Coronado, Calif. — Individuals driving along Silver Strand Highway may notice orange plastic cones along the Strand, the cones are part of Naval Base Coronado’s Natural Resources Department’s dune restoration and enhancement project that will benefit the nesting habitat for the federally endangered California Least Tern and federally threatened Western Snowy Plover.
The project includes removal of non-native plants, re-vegetation of dunes with native plant species with supporting temporary drip irrigation, protective plastic cones or wire cages, enhancement of nesting habitat, and warning signs protecting these areas.
Restoration work will be completed over a span of three years. The removal of non-native vegetation and the planting of native plants with supporting drip irrigation, protective cones and cages is complete. The drip irrigation, cones and wire cages will remain in place for the next 12 to 18 months to ensure plants become established and are not eaten by hungry herbivores. Restoration work is being carried out under a cooperative agreement between the Navy and San Diego State’s Soil Ecology and Restoration Group.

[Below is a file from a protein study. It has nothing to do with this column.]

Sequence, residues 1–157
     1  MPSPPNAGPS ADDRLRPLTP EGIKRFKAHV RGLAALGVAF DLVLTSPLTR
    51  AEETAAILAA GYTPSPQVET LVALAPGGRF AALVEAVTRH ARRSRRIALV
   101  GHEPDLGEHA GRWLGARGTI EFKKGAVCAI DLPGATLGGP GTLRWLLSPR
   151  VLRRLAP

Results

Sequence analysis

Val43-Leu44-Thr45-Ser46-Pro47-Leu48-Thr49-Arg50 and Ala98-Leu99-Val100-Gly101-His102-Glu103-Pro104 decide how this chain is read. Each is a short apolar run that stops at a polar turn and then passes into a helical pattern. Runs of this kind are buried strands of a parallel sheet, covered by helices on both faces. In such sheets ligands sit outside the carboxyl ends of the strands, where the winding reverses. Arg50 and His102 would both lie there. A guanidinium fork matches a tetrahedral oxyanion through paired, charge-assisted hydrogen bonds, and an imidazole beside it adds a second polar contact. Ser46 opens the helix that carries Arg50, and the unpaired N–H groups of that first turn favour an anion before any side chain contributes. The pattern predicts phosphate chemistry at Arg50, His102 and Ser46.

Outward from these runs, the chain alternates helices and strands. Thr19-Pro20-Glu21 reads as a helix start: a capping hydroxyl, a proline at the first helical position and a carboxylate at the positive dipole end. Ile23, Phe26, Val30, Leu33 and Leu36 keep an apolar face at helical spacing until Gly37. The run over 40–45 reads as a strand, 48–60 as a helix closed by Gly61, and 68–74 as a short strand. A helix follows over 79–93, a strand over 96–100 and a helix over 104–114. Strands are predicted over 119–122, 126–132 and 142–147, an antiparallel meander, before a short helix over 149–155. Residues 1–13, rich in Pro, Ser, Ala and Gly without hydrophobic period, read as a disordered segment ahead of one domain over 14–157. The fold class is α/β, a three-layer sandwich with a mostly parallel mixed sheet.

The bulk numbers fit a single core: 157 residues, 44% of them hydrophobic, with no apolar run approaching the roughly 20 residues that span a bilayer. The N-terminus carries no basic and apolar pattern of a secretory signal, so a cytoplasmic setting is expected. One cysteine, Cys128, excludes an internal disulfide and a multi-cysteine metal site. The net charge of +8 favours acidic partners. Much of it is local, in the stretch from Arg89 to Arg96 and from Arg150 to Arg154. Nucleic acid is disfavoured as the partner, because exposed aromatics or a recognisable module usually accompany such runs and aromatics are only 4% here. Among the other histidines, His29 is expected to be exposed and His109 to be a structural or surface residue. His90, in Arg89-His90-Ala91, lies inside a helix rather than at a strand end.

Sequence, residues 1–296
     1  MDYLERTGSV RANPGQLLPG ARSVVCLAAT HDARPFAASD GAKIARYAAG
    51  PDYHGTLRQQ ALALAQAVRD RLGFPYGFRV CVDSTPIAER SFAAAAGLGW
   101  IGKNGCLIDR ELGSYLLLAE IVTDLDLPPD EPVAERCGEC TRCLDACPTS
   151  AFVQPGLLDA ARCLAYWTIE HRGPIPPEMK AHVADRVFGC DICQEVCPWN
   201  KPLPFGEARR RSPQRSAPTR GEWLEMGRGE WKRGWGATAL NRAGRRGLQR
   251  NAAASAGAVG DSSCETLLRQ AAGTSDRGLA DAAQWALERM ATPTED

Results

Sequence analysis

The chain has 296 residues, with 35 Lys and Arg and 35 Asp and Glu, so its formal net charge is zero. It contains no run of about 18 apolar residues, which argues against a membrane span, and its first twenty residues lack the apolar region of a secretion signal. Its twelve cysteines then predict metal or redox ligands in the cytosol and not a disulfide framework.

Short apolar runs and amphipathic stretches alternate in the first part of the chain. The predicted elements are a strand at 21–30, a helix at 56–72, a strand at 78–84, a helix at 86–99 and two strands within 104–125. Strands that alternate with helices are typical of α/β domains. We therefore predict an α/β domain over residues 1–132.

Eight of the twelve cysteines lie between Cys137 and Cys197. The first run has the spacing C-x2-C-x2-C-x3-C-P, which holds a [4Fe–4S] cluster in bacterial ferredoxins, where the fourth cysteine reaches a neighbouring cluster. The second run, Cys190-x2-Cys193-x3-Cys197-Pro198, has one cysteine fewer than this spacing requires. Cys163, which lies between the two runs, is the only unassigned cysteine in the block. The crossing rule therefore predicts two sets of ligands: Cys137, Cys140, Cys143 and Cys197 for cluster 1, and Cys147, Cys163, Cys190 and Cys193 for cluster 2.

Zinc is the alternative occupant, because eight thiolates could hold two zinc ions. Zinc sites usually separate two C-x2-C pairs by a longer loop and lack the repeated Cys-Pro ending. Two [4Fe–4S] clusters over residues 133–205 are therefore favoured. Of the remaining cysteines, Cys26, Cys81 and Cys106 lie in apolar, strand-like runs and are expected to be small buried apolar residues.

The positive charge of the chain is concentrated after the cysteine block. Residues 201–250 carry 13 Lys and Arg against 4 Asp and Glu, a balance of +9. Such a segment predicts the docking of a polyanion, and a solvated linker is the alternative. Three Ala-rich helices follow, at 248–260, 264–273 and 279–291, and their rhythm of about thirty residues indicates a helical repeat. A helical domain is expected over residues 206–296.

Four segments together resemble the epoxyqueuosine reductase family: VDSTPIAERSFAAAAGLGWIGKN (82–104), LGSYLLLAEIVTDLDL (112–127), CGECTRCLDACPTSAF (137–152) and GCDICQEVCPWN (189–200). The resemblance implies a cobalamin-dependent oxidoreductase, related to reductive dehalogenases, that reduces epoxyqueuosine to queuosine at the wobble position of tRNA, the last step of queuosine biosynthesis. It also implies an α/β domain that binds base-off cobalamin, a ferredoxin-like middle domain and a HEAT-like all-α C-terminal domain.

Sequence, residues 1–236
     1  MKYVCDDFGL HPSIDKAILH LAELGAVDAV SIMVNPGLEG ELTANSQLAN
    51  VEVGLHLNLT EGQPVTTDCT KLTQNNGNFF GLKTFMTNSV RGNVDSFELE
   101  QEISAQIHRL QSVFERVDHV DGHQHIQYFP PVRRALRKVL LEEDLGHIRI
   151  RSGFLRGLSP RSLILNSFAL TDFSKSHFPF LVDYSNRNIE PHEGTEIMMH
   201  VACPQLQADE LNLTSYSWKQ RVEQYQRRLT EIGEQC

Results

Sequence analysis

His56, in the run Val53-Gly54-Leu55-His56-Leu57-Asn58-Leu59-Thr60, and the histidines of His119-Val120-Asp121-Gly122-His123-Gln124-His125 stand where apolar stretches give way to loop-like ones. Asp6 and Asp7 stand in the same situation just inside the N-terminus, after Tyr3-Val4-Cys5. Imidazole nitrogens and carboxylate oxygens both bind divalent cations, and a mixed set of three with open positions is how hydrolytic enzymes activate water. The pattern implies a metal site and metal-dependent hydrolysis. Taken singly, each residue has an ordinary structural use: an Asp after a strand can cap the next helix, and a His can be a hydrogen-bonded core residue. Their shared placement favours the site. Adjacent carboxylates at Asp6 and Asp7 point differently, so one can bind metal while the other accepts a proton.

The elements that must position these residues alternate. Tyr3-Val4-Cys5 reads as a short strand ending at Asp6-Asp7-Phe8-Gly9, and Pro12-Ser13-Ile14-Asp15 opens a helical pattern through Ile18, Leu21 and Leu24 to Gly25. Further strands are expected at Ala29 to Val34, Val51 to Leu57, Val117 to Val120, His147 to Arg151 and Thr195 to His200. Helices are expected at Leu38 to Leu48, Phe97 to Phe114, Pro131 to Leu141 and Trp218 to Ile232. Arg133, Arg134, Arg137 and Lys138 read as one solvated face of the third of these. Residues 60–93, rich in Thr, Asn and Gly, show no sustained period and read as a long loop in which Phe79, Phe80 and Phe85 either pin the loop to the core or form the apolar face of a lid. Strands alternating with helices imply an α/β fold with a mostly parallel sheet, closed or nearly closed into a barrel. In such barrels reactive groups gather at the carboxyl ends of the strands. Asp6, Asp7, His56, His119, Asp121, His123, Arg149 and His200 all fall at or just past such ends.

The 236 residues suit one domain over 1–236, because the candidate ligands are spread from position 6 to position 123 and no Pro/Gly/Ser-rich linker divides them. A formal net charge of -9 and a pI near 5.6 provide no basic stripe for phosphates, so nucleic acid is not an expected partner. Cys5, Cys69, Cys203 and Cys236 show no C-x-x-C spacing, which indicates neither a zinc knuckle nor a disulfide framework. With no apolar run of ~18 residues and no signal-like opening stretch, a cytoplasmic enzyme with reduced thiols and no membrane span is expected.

Environmental protection and restoration projects like these contribute to the outstanding natural resources management program at Naval Base Coronado. NBC recently became the first Navy entity to ever win the U.S. Fish and Wildlife Service Annual Military Conservation Partner Award, which recognizes outstanding partnership work in promoting conservation on military lands.
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Native dune restoration at Silver Strand Training Complex-North showing plant protectors and drip irrigation. Photo by Richard Hillary.